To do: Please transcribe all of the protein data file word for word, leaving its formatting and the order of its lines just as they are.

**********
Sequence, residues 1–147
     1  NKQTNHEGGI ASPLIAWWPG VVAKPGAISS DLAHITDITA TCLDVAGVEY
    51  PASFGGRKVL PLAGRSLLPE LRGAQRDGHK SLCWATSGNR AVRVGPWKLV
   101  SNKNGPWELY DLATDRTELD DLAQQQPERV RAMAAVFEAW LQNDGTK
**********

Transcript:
Sequence, residues 1–147
     1  NKQTNHEGGI ASPLIAWWPG VVAKPGAISS DLAHITDITA TCLDVAGVEY
    51  PASFGGRKVL PLAGRSLLPE LRGAQRDGHK SLCWATSGNR AVRVGPWKLV
   101  SNKNGPWELY DLATDRTELD DLAQQQPERV RAMAAVFEAW LQNDGTK